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How England 4-4-2 has fallen apart

The semi-finalists of Euro 2012 have one thing in common – employing a 4-3-3 formation that affords an extra central midfielder. It has not only become a trend but more of a blueprint for success in modern football. Yet a mere two months to prepare for the Euros, Roy Hodgson could not help but fall back to his comfort zone by employing the 4-4-2 formation which he has used in West Bromwich Albion, also a formation that most England players are familiar with.

While undoing Fabio Capello’s hard work in importing the 4-3-3 or semi 4-5-1 to England in the last two years, Hodgson could have done better to reduce the risk of backfiring from the reverse of tactics as his 4-4-2 never looked commanding.

The main attacking threat of the 4-4-2 formation comes from the flanks. Wingers and overlapping fullbacks conspire on the flanks and deliver to the two forwards up front. A combination of energy and technique from the side players is vital for duly carrying out defending and attacking duties. The pair of central midfielders must also be energetic and marauding as their main responsibility lies in protecting the back four as well as transiting defence to attack. When opponents may well field three central midfielders nowadays, the ability to hold on to possession is also desired.

The 03/04 team of Arsenal, famously dubbed ‘The Invincibles’, was an exemplary illustration of the 4-4-2 formation. Lauren and Ashley Cole looked tireless and consistent going up and down while Ljungberg and Pires kept their opposing full backs on their toes all the time. Vieira and Gilberto Silva were not only strong shields in the middle of the park but they were able to contribute in attacking moves as well. The strike force of Bergkamp and Henry was just exceptionally complementary.

As Arsene Wenger failed to find proper players to fulfil the 4-4-2 formation, he has turned to the more popular 4-3-3 in recent seasons. However it was England that stayed with 4-4-2. In order to make up for the disadvantage in central midfield compared to 4-3-3, there are of course tactical remedies, such as 1) playing a no. 9.5 striker to drop back; 2) employing defensive wingers; 3) using the central midfield pair to make extra runs and cover the deficit; 4) playing a higher up defensive line.

It's not their fault of being old

It was evident Hodgson did ask a striker to drop back, although Rooney seemed to have roam away quite often to attack. The England manager fielded the defensive James Milner and also asked Ashley Young to help Ashley Cole with defensive duties but sacrificed significantly in attack. Yet with Parker and Gerrard both not in their prime days of career, England technically gave in to the -1 man advantage in midfield. A high defensive line was not always practised either as Terry and Lescott are never known to be quick. With this squad selection, the 4-4-2 simply doesn’t work, except for the time against Sweden when Theo Walcott provided an impetus after coming off the bench to unleash the attack from the sidelines.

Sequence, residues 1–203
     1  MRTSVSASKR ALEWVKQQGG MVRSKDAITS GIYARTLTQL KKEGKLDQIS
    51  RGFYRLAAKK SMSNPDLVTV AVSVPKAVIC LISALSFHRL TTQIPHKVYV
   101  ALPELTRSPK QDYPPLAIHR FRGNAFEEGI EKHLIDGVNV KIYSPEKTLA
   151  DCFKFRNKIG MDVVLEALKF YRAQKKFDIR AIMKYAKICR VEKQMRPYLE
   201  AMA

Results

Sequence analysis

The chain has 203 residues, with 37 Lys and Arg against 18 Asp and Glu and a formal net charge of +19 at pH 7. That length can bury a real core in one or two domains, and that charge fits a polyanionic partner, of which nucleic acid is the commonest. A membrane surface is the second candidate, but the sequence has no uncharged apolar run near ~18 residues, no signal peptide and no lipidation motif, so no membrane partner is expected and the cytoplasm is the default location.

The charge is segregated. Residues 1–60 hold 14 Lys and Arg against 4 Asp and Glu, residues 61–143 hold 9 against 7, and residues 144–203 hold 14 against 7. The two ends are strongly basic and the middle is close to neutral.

The pair who may possess the secret ingredients for England's success

Perhaps even Hodgson himself was not convinced that his midfield duo were capable of winning the midfield battle, attacking wingers like Walcott, Oxlade-Chamberlain and Downing could only be left on the bench while nine players defended in their own half, giving away a lot of ground. This then leads us to another question – central midfield candidates.

If Hodgson was going for a hardworking and tenacious pair, why was Phil Jones not used for a single second to relieve some of the tired legs? The way to minimise physical exertion is to keep possession and while regulars in the Capello era Frank Lampard and Gareth Barry were injured, Paul Scholes and Michael Carrick, who ran the central midfield successfully in Manutd’s 4-4-2, were not even approached nor considered, but the ever-looking-confused Henderson was instead called up.

Cesare Prandelli also had 23 players in his squad but he was able to find out the shortfalls of Italy’s performance and rectify them by altering formations and the selection of players. England, on the other hand, may be disillusioned by their 1st place finish in group stage and hence failed to acknowledge the inadequacy of their formation. Should they win the penalty shootout (don’t get me started on how obviously they played for the shootout), Mesut Ozil would just be, if not more severe, tearing the England defence apart humiliatingly.

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